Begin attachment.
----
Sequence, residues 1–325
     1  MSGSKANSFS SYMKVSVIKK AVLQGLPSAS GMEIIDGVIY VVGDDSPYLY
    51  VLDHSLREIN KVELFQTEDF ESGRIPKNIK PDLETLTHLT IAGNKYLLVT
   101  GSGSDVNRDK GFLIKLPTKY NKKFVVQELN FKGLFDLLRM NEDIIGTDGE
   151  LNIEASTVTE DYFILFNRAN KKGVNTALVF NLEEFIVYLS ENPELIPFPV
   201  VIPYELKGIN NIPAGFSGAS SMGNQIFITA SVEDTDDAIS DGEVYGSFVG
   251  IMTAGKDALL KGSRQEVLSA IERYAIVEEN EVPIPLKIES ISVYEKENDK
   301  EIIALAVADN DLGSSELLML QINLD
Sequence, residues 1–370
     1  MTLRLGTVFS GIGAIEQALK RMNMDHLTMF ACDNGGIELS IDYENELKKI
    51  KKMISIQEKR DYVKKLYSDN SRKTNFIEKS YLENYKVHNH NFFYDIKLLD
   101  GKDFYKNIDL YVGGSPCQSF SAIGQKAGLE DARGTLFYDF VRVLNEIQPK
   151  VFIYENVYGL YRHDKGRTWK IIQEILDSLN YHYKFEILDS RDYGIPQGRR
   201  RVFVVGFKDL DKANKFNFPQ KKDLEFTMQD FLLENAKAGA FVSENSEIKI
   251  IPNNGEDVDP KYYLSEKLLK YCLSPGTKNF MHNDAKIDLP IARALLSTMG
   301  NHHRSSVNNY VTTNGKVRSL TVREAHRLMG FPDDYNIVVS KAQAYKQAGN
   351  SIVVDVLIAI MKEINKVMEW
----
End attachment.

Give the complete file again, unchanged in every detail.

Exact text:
Sequence, residues 1–325
     1  MSGSKANSFS SYMKVSVIKK AVLQGLPSAS GMEIIDGVIY VVGDDSPYLY
    51  VLDHSLREIN KVELFQTEDF ESGRIPKNIK PDLETLTHLT IAGNKYLLVT
   101  GSGSDVNRDK GFLIKLPTKY NKKFVVQELN FKGLFDLLRM NEDIIGTDGE
   151  LNIEASTVTE DYFILFNRAN KKGVNTALVF NLEEFIVYLS ENPELIPFPV
   201  VIPYELKGIN NIPAGFSGAS SMGNQIFITA SVEDTDDAIS DGEVYGSFVG
   251  IMTAGKDALL KGSRQEVLSA IERYAIVEEN EVPIPLKIES ISVYEKENDK
   301  EIIALAVADN DLGSSELLML QINLD
Sequence, residues 1–370
     1  MTLRLGTVFS GIGAIEQALK RMNMDHLTMF ACDNGGIELS IDYENELKKI
    51  KKMISIQEKR DYVKKLYSDN SRKTNFIEKS YLENYKVHNH NFFYDIKLLD
   101  GKDFYKNIDL YVGGSPCQSF SAIGQKAGLE DARGTLFYDF VRVLNEIQPK
   151  VFIYENVYGL YRHDKGRTWK IIQEILDSLN YHYKFEILDS RDYGIPQGRR
   201  RVFVVGFKDL DKANKFNFPQ KKDLEFTMQD FLLENAKAGA FVSENSEIKI
   251  IPNNGEDVDP KYYLSEKLLK YCLSPGTKNF MHNDAKIDLP IARALLSTMG
   301  NHHRSSVNNY VTTNGKVRSL TVREAHRLMG FPDDYNIVVS KAQAYKQAGN
   351  SIVVDVLIAI MKEINKVMEW